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Spiritual curiosity and the experience of God

Project Leader(s)

Tanya Luhrmann

Grantee(s)
Stanford University
Description
This project sets out to understand how cultural variation in ideas about the mind shapes the way people seek and experience the supernatural through a large comparative project. We propose that although belief in supernatural agents may build upon psychological biases in human cognition, faith is culturally constituted through effortful attention, often to the mind and to mental events. Prayer, for example, requires the person praying to examine their thoughts and, often, to understand thoughts and other mental events in particular ways. We hypothesize that different cultural understandings of the mind—specifically, how separate the mind is from the world, how important inner experience is held to be, and how real the imagination is held to be—shape the way people pay attention to and interpret events they deem supernatural. To pursue the research we have built a team of eminent anthropologists and psychologists. Working with younger scholars and with international scholars, we will take a mixed methods, multi-phase approach, combining participant observation, semi-structured interviews, quantitative surveys, and experimental research. We will work in five different countries: Ghana, India (Tamil Nadu), Thailand, Vanuatu/Oceania and the US. These countries vary in ways that we predict have psychologically meaningful implications for supernatural experience. In addition to examining group differences by country, we will also examine up to four populations per country: urban charismatic Christian; rural charismatic Christian; urban non-Christian; rural non-Christian. We compare these four populations not only to have comparable groups but also to investigate the impact of charismatic Christianity and industrialization on the way people think about thinking and their experience of the supernatural. We anticipate that our work will generate seven books and twenty two articles and impact scholarly and public awareness.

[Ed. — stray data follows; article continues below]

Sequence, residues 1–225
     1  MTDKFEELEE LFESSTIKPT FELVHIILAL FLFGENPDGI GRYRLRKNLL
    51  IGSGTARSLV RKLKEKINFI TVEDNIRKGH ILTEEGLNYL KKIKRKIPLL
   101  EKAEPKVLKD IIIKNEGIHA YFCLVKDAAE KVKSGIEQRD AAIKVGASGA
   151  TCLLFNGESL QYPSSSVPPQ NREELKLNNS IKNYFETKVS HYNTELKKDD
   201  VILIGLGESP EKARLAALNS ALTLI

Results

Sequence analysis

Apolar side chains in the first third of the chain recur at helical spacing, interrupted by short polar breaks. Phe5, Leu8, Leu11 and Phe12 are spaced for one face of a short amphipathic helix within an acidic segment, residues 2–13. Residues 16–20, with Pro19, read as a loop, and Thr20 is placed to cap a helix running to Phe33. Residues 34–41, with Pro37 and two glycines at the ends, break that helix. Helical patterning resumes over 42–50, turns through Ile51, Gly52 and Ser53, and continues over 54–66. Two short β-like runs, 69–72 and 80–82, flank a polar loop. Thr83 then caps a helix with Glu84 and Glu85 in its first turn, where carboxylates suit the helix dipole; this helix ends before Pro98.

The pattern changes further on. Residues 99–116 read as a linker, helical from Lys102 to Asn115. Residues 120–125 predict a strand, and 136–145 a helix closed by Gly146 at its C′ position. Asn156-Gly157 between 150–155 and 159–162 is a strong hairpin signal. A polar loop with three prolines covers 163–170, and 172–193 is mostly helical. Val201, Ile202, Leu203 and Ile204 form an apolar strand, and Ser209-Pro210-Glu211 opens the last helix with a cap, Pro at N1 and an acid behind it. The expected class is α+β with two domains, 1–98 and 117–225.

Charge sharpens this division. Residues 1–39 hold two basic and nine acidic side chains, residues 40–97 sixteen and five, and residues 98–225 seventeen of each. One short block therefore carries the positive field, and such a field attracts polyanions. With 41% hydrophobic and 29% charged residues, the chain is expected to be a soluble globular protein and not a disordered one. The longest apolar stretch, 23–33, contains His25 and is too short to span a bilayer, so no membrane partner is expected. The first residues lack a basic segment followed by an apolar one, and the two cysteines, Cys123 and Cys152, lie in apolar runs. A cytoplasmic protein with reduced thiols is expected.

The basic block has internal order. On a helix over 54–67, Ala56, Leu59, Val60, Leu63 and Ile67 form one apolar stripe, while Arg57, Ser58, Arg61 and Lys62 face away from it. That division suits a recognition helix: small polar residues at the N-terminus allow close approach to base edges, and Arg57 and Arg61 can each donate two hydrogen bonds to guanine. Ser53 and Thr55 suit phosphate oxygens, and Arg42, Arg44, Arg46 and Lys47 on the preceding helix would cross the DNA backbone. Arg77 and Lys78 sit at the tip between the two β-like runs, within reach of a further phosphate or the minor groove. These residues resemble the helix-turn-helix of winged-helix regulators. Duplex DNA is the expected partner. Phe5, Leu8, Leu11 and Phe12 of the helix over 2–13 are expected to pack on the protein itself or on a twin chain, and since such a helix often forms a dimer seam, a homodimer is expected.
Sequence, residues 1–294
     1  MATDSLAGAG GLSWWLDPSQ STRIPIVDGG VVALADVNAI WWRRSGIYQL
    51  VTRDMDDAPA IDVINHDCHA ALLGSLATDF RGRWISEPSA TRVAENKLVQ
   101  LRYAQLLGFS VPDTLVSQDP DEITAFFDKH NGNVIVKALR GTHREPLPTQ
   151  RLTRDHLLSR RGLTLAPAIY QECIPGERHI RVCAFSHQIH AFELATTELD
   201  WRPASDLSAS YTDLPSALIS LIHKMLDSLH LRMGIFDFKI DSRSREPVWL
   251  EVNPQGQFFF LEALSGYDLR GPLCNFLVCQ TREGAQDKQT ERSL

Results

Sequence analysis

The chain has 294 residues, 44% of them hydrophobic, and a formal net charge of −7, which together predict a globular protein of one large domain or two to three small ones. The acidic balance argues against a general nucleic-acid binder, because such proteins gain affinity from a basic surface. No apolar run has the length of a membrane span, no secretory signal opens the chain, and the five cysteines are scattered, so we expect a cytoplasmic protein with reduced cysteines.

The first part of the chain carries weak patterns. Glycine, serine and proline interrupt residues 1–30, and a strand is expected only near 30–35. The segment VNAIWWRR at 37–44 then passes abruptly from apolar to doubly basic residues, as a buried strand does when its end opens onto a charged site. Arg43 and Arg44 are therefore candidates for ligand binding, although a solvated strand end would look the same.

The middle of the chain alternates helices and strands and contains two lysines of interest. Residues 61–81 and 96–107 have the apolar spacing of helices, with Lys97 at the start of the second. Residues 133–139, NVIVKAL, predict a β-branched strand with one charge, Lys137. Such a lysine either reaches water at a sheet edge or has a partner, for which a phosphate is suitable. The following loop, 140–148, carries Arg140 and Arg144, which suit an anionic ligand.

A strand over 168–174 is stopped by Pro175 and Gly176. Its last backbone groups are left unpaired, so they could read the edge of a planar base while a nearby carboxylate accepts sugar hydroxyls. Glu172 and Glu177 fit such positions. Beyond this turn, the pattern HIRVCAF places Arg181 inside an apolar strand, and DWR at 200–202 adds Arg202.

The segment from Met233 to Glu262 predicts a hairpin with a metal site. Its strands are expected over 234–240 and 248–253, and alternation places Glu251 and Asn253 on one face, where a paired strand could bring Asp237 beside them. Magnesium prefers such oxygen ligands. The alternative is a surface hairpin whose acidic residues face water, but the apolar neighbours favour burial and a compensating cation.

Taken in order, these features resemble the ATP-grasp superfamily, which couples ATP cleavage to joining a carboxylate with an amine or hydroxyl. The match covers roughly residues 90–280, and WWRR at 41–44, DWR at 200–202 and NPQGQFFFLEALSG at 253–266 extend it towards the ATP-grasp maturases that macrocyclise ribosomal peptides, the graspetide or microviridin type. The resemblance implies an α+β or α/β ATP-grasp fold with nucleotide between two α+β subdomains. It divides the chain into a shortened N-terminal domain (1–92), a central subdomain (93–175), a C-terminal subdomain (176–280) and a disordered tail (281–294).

Grant Amount:
$2,884,457
Start Date:
September 2016
End Date:
August 2019
Grant ID:
55427

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